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Front Pharmacol. 2019 May 31;10:627. doi: 10.3389/fphar.2019.00627. eCollection 2019.

Therapeutic Prospects of Cannabidiol for Alcohol Use Disorder and Alcohol-Related Damages on the Liver and the Brain.

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Service Universitaire d'Addictologie de Lyon (SUAL), Bron, France.
Université de Picardie Jules Verne, Centre Universitaire de Recherche en Santé, INSERM UMR 1247, Groupe de Recherche sur l'Alcool & les Pharmacodépendances, Amiens, France.
Service des maladies de l'appareil digestif, CHU Lille, Universitéde Lille and INSERM U995, Lille, France.
Service d'Addictologie et d'Hépatologie, GHN, HCL, Lyon, France.
Université de Lyon, UCBL, Centre de Recherche en Neurosciences de Lyon (CRNL), Inserm U1028, CNRS UMR5292, PSYR2, Bron, France.
Laboratory for Experimental Psychopathology (LEP), Psychological Science Research Institute, Université catholique de Louvain, Louvain-la-Neuve, Belgium.
CHU de Lille, Université Lille, service d'addictologie, CNRS, UMR 9193, SCALab, équipe psyCHIC, Lille, France.
INSERM, UMR_S 912, Sciences Economiques & Sociales de la Santé et Traitement de l'Information Médicale (SESSTIM), Marseille, France.


Background: Cannabidiol (CBD) is a natural component of cannabis that possesses a widespread and complex immunomodulatory, antioxidant, anxiolytic, and antiepileptic properties. Much experimental data suggest that CBD could be used for various purposes in alcohol use disorder (AUD) and alcohol-related damage on the brain and the liver. Aim: To provide a rationale for using CBD to treat human subjects with AUD, based on the findings of experimental studies. Methods: Narrative review of studies pertaining to the assessment of CBD efficiency on drinking reduction, or on the improvement of any aspect of alcohol-related toxicity in AUD. Results: Experimental studies find that CBD reduces the overall level of alcohol drinking in animal models of AUD by reducing ethanol intake, motivation for ethanol, relapse, anxiety, and impulsivity. Moreover, CBD reduces alcohol-related steatosis and fibrosis in the liver by reducing lipid accumulation, stimulating autophagy, modulating inflammation, reducing oxidative stress, and by inducing death of activated hepatic stellate cells. Finally, CBD reduces alcohol-related brain damage, preventing neuronal loss by its antioxidant and immunomodulatory properties. Conclusions: CBD could directly reduce alcohol drinking in subjects with AUD. Any other applications warrant human trials in this population. By reducing alcohol-related steatosis processes in the liver, and alcohol-related brain damage, CBD could improve both hepatic and neurocognitive outcomes in subjects with AUD, regardless of the individual's drinking trajectory. This might pave the way for testing new harm reduction approaches in AUD, in order to protect the organs of subjects with an ongoing AUD.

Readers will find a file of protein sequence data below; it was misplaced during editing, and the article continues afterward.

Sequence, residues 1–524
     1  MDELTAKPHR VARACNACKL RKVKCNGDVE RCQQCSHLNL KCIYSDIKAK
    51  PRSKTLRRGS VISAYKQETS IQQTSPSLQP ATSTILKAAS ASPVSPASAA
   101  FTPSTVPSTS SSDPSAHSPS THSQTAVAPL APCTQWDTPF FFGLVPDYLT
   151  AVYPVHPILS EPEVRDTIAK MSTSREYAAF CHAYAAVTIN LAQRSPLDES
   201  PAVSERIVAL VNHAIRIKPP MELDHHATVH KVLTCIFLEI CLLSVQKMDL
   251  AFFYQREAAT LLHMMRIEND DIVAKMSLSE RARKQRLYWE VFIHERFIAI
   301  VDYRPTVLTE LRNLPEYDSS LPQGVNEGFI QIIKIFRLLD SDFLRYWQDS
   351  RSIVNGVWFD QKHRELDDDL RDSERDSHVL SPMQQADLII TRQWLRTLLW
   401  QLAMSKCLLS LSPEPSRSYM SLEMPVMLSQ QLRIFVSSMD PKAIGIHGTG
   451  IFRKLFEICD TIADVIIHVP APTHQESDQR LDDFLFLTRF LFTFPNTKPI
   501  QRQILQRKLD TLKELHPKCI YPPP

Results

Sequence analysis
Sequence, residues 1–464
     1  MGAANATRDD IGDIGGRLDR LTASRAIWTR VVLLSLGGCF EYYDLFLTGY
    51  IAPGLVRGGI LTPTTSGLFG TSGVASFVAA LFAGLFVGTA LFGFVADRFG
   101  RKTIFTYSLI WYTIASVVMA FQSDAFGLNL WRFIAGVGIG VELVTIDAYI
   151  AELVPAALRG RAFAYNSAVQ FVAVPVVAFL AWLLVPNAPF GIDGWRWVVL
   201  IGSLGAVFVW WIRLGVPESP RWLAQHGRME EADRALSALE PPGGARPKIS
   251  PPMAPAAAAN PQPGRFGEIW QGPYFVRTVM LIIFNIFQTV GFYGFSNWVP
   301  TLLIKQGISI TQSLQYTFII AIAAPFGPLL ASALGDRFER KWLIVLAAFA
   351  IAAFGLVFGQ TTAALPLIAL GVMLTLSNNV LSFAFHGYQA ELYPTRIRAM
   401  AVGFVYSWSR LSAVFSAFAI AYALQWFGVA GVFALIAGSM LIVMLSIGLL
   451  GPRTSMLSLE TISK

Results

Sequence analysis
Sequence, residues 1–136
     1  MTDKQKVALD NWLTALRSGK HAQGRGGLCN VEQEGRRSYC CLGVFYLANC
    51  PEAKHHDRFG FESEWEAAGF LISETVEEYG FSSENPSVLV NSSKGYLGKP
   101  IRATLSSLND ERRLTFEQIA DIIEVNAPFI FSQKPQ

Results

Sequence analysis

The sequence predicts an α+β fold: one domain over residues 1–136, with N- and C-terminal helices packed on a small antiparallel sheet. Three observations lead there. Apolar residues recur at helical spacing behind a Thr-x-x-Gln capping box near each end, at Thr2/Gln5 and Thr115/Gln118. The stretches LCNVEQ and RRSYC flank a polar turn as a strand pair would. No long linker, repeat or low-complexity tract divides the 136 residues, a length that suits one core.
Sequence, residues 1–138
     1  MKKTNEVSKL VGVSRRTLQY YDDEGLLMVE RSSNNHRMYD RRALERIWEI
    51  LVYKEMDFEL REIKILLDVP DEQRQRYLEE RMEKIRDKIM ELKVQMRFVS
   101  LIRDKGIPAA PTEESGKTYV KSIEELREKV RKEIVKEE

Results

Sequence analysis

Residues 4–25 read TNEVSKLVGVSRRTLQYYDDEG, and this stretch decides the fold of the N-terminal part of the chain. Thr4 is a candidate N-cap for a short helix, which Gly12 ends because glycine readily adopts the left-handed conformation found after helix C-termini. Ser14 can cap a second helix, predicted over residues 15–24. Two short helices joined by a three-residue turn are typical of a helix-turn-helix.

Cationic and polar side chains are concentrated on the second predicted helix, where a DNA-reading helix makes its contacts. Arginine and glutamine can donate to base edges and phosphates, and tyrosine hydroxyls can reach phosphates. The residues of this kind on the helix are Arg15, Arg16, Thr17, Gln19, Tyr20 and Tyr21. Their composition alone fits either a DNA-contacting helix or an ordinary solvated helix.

addiction; alcohol use disorder; alcohol-related damage; cannabidiol; liver fibrosis and cirrhosis; neuroprotection

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